It was a beautiful day. The kind that only comes after everything goes wrong. I had worked hard the day before and lost one of the injured goats and buried her in the field beside us. I could still see the dark dirt covering her gentle face as the earth took her into her final sleep.
But now, the sun was shining. The temperature was just right. The birds were singing all around in the trees. Sadness was being warmed away.
Our boots were sinking in the damp grass, and we kept a brisk pace as we walked on. We had bottles of precious warm milk swinging beside us in a plastic tote bag. I shifted it to the side as I pulled the rusty chains of the gate and swung it wide enough for us to squeeze through.
My daughter was talking away. I don't really remember about what. It may have been about the types of birds flying around. It could have been about the shadows of fish in our neighbor's pond.
I closed the gate and secured it well. We picked up the pace again. Hand in hand enjoying being together in this moment.
We saw her. A black and white pregnant doe stiffly standing in our way. I stopped Abby when I realized the doe was alone. The rest of the flock was in the other field. I had noticed her sway earlier that day and had mentally noted her udders were looking fuller than the day before. Was she going into labor? We didn't need to disturb her.
Abby grabbed my arm and pointed. "Look Momma, her baby is on the ground." I saw the lifeless shape in front of her, gave Abby some quick instructions, and we carefully moved forward to see.
I think I held my breath. I saw a motionless form of tissue. The baby was in an unbroken amniotic sac and was completely still. The new mother wasn't trying to break it.
Something compelled me. Maybe it was the Spirit sending my hands into motion.
I quickly knelt down, handed Abby my phone, and began to work. I was surprised the sack wasn't warm, and I started trying to break the poor creature free. Abby shoved a towel towards me, and I rubbed with all of my might and pulled at the tissue around its face. It was so slippery. The more I worked the more hopeless it felt. I was trying to save something I didn't know was alive. I just felt it was.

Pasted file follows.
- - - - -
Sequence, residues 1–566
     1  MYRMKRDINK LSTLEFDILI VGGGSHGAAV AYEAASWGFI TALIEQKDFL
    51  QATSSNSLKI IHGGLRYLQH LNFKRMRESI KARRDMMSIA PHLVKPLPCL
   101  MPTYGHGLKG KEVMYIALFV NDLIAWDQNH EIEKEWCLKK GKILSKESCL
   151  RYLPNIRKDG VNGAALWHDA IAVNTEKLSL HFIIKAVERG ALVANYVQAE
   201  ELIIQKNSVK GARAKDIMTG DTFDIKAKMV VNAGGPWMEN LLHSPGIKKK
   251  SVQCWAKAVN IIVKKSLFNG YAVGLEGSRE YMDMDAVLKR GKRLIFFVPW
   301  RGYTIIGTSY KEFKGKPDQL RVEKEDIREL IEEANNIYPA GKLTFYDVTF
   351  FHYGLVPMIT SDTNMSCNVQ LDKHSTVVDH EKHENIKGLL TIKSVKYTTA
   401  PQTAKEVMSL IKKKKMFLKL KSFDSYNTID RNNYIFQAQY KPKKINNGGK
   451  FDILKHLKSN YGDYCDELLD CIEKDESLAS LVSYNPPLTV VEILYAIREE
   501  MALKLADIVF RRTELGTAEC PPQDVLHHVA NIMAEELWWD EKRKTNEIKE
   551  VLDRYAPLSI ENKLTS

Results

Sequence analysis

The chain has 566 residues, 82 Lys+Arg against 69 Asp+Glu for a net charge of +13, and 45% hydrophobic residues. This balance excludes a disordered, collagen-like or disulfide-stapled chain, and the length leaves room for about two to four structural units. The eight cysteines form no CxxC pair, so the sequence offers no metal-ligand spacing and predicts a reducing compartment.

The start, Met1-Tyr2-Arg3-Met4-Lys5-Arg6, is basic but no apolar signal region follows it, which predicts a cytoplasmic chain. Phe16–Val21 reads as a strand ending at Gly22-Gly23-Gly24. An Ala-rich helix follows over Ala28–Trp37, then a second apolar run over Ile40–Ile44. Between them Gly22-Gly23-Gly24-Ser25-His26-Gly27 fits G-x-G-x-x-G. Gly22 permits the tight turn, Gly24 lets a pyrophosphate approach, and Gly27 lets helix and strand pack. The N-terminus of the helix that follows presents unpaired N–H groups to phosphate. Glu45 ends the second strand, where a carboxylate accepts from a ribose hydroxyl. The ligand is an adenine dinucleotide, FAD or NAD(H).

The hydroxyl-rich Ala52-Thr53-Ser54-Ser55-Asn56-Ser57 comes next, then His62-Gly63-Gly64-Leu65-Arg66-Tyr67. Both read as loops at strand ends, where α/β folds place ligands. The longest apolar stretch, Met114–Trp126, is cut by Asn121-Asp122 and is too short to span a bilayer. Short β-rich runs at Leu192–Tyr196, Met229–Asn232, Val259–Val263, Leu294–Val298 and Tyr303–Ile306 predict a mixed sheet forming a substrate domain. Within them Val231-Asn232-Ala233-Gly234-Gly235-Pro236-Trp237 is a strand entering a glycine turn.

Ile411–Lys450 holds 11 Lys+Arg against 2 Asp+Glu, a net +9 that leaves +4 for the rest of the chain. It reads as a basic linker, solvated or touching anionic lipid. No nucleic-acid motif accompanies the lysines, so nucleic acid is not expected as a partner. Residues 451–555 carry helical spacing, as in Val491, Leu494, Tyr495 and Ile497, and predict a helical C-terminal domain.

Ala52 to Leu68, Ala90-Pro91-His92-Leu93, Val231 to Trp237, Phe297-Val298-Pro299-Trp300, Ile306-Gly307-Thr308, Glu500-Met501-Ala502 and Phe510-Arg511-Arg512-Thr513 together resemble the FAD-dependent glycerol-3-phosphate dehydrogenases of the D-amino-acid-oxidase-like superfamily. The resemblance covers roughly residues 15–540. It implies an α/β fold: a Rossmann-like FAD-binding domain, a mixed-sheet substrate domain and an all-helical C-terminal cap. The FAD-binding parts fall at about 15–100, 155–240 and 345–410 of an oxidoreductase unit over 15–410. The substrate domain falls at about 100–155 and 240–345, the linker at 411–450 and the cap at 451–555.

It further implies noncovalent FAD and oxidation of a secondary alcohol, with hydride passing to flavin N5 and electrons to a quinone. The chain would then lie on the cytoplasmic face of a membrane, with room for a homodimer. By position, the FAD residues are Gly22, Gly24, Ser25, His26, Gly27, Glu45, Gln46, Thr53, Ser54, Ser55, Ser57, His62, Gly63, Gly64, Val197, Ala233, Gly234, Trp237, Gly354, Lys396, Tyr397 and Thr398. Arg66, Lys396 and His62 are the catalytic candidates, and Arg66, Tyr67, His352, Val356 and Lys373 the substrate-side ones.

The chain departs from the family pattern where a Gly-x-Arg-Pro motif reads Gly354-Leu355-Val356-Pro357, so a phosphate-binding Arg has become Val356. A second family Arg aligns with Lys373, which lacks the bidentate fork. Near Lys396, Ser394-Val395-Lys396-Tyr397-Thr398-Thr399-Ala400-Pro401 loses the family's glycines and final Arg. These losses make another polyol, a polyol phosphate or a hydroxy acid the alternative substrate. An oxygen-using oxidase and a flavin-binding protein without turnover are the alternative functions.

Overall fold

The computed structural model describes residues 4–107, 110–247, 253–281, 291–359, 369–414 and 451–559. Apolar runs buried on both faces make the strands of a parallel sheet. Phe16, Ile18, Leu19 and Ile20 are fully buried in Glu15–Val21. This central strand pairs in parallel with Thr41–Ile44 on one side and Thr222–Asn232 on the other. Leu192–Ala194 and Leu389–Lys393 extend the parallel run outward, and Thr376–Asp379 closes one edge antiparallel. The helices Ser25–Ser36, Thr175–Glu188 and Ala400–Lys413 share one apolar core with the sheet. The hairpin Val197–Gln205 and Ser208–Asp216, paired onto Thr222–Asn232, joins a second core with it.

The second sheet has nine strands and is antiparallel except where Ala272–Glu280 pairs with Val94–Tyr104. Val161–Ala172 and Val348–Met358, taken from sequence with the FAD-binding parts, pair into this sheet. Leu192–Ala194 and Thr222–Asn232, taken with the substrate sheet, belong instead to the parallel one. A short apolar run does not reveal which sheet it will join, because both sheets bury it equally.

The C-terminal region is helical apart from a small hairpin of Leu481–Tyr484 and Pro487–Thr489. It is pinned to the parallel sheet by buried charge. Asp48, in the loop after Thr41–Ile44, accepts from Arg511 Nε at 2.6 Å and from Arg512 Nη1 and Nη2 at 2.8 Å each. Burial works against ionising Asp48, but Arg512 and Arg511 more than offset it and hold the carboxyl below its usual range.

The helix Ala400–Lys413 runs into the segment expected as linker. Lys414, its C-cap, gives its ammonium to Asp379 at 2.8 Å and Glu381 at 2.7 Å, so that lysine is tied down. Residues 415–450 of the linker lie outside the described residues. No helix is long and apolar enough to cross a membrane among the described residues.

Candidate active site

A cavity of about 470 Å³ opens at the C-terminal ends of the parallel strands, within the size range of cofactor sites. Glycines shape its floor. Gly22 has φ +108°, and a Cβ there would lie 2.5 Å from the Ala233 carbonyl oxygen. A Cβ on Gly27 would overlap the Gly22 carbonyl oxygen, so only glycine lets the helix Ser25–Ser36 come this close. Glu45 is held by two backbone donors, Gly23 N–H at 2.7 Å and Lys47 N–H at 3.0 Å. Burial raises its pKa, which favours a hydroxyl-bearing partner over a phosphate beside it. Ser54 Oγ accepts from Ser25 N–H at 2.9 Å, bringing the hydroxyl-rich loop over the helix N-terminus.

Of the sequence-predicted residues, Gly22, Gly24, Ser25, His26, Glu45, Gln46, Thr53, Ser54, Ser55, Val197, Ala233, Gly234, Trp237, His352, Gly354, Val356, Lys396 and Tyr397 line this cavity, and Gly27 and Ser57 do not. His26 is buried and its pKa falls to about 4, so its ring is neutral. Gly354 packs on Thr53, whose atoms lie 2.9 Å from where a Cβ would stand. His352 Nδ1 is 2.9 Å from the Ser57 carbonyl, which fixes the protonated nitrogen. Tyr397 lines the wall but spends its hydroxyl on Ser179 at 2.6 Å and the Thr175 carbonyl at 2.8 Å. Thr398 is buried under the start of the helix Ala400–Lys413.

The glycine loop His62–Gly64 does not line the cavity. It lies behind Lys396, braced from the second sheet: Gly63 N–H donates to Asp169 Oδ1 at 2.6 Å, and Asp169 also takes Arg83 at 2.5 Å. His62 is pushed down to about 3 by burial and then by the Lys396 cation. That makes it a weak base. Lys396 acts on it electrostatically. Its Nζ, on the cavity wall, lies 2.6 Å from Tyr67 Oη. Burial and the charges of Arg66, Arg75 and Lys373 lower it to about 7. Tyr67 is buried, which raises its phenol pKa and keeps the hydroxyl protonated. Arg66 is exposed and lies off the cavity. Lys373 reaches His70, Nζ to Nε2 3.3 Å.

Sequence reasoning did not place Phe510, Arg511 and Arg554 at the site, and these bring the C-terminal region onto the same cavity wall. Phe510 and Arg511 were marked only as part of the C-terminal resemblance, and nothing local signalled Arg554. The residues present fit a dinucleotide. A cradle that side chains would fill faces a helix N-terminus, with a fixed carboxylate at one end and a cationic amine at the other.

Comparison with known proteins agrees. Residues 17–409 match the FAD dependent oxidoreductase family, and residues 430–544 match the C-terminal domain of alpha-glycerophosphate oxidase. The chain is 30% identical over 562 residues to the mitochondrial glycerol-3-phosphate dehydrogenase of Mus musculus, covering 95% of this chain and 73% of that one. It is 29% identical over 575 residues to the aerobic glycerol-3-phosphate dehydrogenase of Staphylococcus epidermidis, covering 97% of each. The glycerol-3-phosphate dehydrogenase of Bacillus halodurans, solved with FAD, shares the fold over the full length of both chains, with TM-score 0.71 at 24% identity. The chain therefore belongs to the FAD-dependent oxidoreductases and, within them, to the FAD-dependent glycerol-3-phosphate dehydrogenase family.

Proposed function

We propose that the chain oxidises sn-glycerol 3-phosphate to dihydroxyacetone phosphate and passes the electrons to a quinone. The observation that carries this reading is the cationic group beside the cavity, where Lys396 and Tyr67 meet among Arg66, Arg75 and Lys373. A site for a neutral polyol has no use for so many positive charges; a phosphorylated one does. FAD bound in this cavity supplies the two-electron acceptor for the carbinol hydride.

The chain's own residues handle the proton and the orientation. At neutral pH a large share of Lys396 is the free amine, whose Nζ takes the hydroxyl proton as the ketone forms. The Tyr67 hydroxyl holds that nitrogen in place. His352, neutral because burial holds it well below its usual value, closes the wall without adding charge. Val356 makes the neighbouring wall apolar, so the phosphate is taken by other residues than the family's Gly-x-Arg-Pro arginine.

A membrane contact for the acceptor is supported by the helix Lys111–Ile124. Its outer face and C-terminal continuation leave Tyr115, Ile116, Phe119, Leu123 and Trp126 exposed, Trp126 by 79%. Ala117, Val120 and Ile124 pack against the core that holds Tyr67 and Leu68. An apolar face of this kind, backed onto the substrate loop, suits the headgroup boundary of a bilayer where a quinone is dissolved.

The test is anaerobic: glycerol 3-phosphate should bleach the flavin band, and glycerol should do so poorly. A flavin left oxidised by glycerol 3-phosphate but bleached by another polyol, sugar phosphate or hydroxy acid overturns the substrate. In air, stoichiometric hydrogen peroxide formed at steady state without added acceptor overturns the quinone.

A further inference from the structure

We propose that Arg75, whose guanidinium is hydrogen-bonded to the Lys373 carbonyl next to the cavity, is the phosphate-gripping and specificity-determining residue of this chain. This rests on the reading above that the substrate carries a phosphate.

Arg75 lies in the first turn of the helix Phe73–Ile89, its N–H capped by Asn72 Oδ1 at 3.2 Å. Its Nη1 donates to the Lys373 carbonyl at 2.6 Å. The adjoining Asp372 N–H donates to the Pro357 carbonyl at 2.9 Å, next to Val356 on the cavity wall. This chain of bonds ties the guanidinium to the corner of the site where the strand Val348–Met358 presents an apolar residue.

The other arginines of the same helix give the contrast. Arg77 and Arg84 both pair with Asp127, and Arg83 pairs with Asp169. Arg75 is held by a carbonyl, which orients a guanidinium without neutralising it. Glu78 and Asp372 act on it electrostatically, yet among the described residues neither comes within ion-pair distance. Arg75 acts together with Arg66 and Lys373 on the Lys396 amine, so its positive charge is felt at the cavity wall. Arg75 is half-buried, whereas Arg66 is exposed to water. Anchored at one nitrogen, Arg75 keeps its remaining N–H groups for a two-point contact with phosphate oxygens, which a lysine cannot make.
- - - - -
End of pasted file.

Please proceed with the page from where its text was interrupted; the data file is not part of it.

As I finally cleared the afterbirth from its mouth, I heard it cry, and I rubbed and pulled at the sticky tissue more purposefully. With each stroke, soft fur appeared and the baby's lungs became more free to do their work. I sighed a breath of praise to God the Father for caring about things as tiny as this. It was so tiny. I had never seen such a small baby. It was the smallest of all of the runts.
It was alive.
His mother had been startled by our intrusion and had bolted behind us and given birth to a second healthier baby in the barn. We rubbed it down too and helped her clean it up. We placed two beautiful babies, a buckling and a doeling, in fresh hay beside her.
I was amazed.
God had placed the doe in the exact path we walked every time, so we couldn't miss this baby's need. I had grabbed a towel just in case I needed it before I had walked out the door. Abby had been there with me to give me a second hand and to film everything that happened to share it with you. Again, God had shown His great power of life over death right beside Redemption Square.
It is beautiful to taste and see that God is good.
If you'd like to watch the rescue yourself, Abby did an incredible job recording the whole thing. She's pretty impressive for a 9 year old. Warning: It's graphic.